Dennis Kane’s Excellent Montreal Canadiens Blog

Changing Daily, And Full of Stuff You May Or May Not Remember

Mike Bossy Does It Well, Alex Ovechkin Doesn’t May 17, 2008

Watching Henrik Lundqvist get yanked in Sweden’s 5-4 loss to Canada in the World Hockey Championship reminded me of something. Lundqvist speaks English with no accent whatsoever. At least that’s what my ears have heard in the couple of interviews I’ve seen of the Ranger goalie on TV.

Speaking perfect English is an amazing thing when it’s not your mother tongue. It’s very admirable. Some European NHL players have mastered it. For most, of course, it’s impossible.

Detroit’s Swedish star Nick Lidstrom speaks English almost perfectly, but you can detect that Swedish tongue in there just slightly. And it’s a little more so with Mats Sundin and Daniel Alfredsson. You can definitely here the Swedish way of talking in their speech, although their English is excellent.

But not at all with Lundqvist. In those two interviews I heard, he could’ve been the guy in the pool hall, Or the Canadian goalie in the beer league. I need to hear more from Lundqvist. I’m curious about this.

The NHL Russian guys’ English is basically all the same, ranging from pretty good to lousy.  Alex Kovalev speaks English pretty well, with the obvious Russian accent,  but Alex Ovechkin is still a work in progress, and Evgeny Malkin is only beginning. Igor Larionov, on the other hand, spoke excellent English back in the days when Soviet players couldn’t play over here, and so had very little exposure to English. Somehow, though, he got great at it.

Larionov even snuck away from the Russian camp to Wayne Gretzky’s parent’s house in Brantford during the 1987 Canada Cup and partied with all the Canadian guys.

Remember the 1972 Summit Series? We got the odd interview with some of the Russian players including Valeri Kharlamov, and they were interviews using an interpreter. But at the end, the few Russian players managed a meek “thank you” in English, and it was both surprising and wonderful.

The Finnish players pick it up pretty well, like Saku Koivu and Teemu Selanne, but you can hear the Finnish accent in there, even though their words and grammar are perfect.

The Czechs, it seems, have a little bit of a harder time of it. Jaromir Jagr’s English is terrrible, after all these years in North America. Tomas Plekanec, however, looks promising as a speaker of English. But the Czechs, like the Russians, use their throats and tongues differently, so there’s many English words they’ll never master properly.

Some of the English guys speak French really well. I can’t learn French, but they speak it with almost no accent. Mike Bossy wins by a landslide on this front.

Henri Richard was so quiet in the early days of his career, that when Toe Blake was once asked if Henri could speak English, Blake replied, “I don’t even know if he can speak French.”

French guys like Daniel Briere, Martin Biron, Vincent Lecavalier, Mario Lemieux, and Canucks’ coach Alain Vigneault speak English with only a trace of an accent. It’s very impressive.

It’s just a good thing there’s no heavy-duty Scotsmen in the NHL. Their accent can be thicker than lumpy gravy. I worked with a Scottish guy in Calgary who had been in Canada for years, but he could talk to me for fifteen minutes and I wouldn’t have a clue what he was saying.

Compared to this guy, Alex Ovechkin sounds perfect.

 

Advertisements
 

And All Along I Thought Winnipeggers Were Nice May 15, 2008

Geez, I thought people in Winnipeg were nice people. But it turns out they’re no different than a couple of people in other cities. Surprisingly, some Winnipeggers don’t like the Habs.  I don’t understand it, but it’s the way of the world, I suppose. Who would’ve thought?

So I say to these Winnipeg Hab-haters, may one of your smaller mosquitos land on your head, pick you up by the hair, and drop you into a haystack with a pitchfork in it.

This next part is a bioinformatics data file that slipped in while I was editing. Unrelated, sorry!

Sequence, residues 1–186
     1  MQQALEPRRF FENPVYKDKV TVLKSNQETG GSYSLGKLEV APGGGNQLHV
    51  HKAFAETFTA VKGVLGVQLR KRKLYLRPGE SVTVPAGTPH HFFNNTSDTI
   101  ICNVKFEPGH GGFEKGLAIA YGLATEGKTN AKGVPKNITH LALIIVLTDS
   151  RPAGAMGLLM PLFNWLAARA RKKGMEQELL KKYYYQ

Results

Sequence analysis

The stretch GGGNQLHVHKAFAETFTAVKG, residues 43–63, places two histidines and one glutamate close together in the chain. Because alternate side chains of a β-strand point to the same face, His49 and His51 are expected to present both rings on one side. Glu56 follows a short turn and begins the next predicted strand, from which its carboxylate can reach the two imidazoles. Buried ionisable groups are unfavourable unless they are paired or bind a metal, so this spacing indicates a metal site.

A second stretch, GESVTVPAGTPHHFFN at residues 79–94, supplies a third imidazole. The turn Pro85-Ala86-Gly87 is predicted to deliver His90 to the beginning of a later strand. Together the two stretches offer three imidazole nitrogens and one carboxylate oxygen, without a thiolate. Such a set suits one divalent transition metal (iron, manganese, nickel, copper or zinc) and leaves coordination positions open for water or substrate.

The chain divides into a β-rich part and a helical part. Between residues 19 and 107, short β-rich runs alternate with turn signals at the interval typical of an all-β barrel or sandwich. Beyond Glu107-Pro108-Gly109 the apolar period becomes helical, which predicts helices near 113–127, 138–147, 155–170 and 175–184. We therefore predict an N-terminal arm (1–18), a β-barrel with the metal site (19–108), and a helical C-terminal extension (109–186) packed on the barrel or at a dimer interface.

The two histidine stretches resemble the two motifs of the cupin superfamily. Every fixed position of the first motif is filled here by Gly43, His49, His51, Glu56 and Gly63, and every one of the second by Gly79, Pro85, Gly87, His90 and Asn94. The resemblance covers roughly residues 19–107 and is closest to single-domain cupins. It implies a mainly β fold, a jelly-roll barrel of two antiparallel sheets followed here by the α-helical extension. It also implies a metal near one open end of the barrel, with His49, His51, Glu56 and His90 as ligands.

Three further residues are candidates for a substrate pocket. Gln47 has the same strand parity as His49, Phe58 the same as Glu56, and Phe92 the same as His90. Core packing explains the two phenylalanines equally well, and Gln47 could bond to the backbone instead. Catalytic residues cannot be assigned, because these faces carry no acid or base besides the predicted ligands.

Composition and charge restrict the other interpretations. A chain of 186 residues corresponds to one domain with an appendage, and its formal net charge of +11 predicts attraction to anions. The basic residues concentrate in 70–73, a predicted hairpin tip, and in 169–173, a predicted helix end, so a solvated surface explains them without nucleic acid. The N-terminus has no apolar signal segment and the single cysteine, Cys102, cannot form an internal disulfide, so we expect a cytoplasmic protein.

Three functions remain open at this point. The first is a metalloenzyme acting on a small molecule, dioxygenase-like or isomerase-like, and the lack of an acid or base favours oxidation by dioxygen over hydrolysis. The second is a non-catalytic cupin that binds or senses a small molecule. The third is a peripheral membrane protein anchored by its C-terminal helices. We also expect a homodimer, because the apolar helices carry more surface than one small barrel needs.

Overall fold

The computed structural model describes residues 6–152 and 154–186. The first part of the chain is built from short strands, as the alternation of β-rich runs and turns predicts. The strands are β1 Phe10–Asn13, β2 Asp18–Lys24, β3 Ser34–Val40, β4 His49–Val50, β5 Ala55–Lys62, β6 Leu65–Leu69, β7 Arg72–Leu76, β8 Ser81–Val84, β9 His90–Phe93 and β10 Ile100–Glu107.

Here’s what I mean.

Recent letters to the Winnipeg Sun:

 

From GM Ross.

This message is directed to the most overrated, over-hyped and probably whiniest bunch of sore losers, along with their fans. To the Montreal Canadiens: Na, na, na, na, hey, hey, good riddance. And take your homer referees with you. Ole, ole.

 

From Jeff Morris:

Nigel Gauvreau needs to calm down and take a look outside the real world (Mail Bag, May 3). No one cares about Montreal winning the Cup, and all Habs fans have to show for during the past 15 years is that they nearly burned down the city when they beat Boston. Since the same thing happened back when Rocket Richard was suspended, that’s nothing new. Besides, at least the Leafs are looking for a GM who will turn them into a Stanley Cup contender.

 

From Chris Maher:

 

The best thing about the Montreal Canadiens being knocked out of the playoffs will be not having to listen any longer to the Chairman of the Carey Price fan club, CBC’s Greg Millen.

Don Cherry got ripped for pulling for the Leafs or Bruins, but at least if you’re annoyed with Grapes’ views, one has to hear him for only a few minutes at a time.

But Millen goes on for 60 minutes about the Canadiens goalie and his great positioning and rebound control and seems to be over the top with gushing compliments on simple wrist shots from the blue line.

Even without high-definition, one could see the No. 31 Habs sweater under his CBC blazer.

Don’t get me wrong, Price is a great young goalie with potentially a great future ahead of him, whom 29 other teams would covet. But Millen, having been only an average NHL goaltender himself, seemed to be living vicariously through the young Montreal netminder. And when Price began contributing more and more to the Canadiens’ losses and eventual elimination, Millen only then realized the real star of the series was the Flyers’ RJ Umberger, a fourth-line player who almost didn’t crack the playoff roster, and then began to sing his praise deservedly.

Someone help me out here?

Does Ole, ole, ole, when translated mean, “hey Mats Sundin! We see you didn’t come to Montreal and are there any good tee-off times left?”

 

(Note from Dennis: What the hell does the last two sentences mean?)

 

 

We’re Not All Part Of Leaf Nation: Especially Habs Fans March 5, 2008

Since I started this blog, the following topic has been bugging me, especially since I don’t have any specialty channels to see the Habs more often. It alway seems like the Leafs are the priority.  William Houston of the Globe and Mail does a nice job saying just what I was thinking. Here’s his fine column.  

  We don’t all live in Leaf Nation you know